Among the discussions ringing round the football forums this week - title challenges, conspiracy theories, VAR, the eternal futility of trying to correct everybody who’s wrong on the internet - relatively few will centre around the EFL Trophy.
But maybe they should, because this is where young footballers are supposed to become men. On an unglamorous greensward this midweek, a star may be born. And you wouldn’t want to miss that.
A quick backgrounder on what the hell this cup is
In case you’re forgetful, confused or apathetic, the EFL Trophy is the lower-league competition in which, somewhat controversially, academy sides from the big clubs now compete with grown men.
The controversy is twofold. Some see this as the thin end of the wedge by which B-teams will inevitably infiltrate the lower leagues. Meanwhile, in a classic law-of-unintended-consequence farrago, well-meaning rules restricting the rotation that was undervaluing the competition means that managers of lower-league teams are unable to promote their own kids.
But this cup, aimed squarely at the lower leagues and now in its 36th season, has always been an unheralded competition, whether it be called the Associate Members Cup, Football League Trophy, Freight Rover Trophy, Sherpa Van Trophy, Leyland DAF Cup, Autoglass Trophy, Auto Windscreens Shield (Shield!), LDV Van Trophy, Johnstone’s Paint Trophy, Checkatrade Trophy or, as is now, the Leasing.com Trophy. Nobody really cares about it, from boardroom to dugout to pitch to stand, until Wembley hoves into view in the early months of the New Year.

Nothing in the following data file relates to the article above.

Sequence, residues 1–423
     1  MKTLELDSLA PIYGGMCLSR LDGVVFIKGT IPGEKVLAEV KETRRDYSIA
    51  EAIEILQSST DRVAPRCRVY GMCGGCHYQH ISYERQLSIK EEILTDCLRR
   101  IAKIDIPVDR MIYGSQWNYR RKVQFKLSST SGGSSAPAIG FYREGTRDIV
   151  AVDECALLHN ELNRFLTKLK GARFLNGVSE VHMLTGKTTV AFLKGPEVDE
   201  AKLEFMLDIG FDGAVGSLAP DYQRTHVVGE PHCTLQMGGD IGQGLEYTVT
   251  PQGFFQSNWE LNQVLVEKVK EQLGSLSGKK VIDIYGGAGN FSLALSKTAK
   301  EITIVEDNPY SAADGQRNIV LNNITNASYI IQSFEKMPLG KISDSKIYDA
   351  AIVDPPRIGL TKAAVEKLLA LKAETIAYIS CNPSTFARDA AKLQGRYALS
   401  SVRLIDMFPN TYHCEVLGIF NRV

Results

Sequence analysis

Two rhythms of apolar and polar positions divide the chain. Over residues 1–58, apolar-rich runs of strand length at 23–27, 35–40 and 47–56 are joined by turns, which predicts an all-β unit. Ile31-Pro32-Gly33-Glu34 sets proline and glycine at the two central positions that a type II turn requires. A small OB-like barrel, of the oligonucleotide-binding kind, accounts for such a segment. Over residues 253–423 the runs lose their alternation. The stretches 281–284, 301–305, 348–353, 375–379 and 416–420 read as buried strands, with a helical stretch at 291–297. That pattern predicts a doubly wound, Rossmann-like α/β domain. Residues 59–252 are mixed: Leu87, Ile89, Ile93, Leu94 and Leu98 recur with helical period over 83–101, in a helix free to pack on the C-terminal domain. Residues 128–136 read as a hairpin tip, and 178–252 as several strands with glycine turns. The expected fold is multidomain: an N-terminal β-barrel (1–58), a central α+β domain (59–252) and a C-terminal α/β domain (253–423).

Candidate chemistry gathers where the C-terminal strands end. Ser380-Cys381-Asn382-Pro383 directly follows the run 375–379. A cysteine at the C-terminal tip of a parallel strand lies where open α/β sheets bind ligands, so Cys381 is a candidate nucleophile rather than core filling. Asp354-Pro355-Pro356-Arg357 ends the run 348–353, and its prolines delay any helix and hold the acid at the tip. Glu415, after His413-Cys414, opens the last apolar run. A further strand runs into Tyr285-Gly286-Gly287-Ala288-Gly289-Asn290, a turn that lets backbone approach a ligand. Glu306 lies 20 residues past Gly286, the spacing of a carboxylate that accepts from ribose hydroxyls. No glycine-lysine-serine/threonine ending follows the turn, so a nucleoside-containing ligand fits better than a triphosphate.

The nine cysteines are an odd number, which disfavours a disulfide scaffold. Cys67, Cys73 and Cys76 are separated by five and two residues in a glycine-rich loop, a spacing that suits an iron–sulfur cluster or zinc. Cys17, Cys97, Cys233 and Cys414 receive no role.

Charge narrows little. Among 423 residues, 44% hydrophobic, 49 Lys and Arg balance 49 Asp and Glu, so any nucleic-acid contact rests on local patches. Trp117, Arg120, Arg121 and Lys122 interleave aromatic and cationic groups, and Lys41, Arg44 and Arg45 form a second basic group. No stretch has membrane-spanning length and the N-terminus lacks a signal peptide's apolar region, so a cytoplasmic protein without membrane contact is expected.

However, at least some interest has been injected by the addition of bigger-club kiddiwinks, which began in 2016/17 and in slightly calamitous style. One by one, Arsenal, Liverpool, Manchester City, Manchester United, Newcastle and Spurs declined to participate, leading to their substitution for somewhat less crowd-magnetising names like Blackburn, Derby and Reading.
However, all of those “big” clubs have now joined in the fun, realising that they’ve got a surfeit of young talent and not much to do with it. There’s only so much that a bright 18-year-old can learn against his peers on a deserted Saturday-morning academy pitch: why not throw him under the floodlights against grown men amid the smell of the Bovril?
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How the big clubs have been doing
Each year, the 48 clubs of League One and Two have been joined by 16 Category One Academy teams. (Category One is the standard that costs the most to run, with legislated minimum investment and staffing numbers, but also guarantees the highest pricetags, as per the Elite Player Performance Plan.) Each Academy team visits three lower-league teams in a round-robin group.
More often than not, they struggle. Of the 16 academies, at least half go out in the groups. In 2016/17, seven went through to the last 32; in 2017/18, just four; last season it bounced back up to six. Then about half of those get knocked out in the last 32, and half again in the last 16.
Only three academy sides have made it as far as the quarter-finals, one per year: Swansea in 2016/17, then Chelsea (who went one better and reached the semis) in 2017/18, then Manchester City last season. But they are numerical exceptions. For all the fears of gilded youth steamrollering hapless lower-leaguers, the wily auld fellas seem to be holding their own so far.
And so to this season: the worriers…
Here’s good news for any Premier League fans preparing for a fortnight’s cold turkey during the international break: there are 20 EFL Trophy games this midweek to complete the group stage, and some of those games involve Premier League academies scrapping to get through.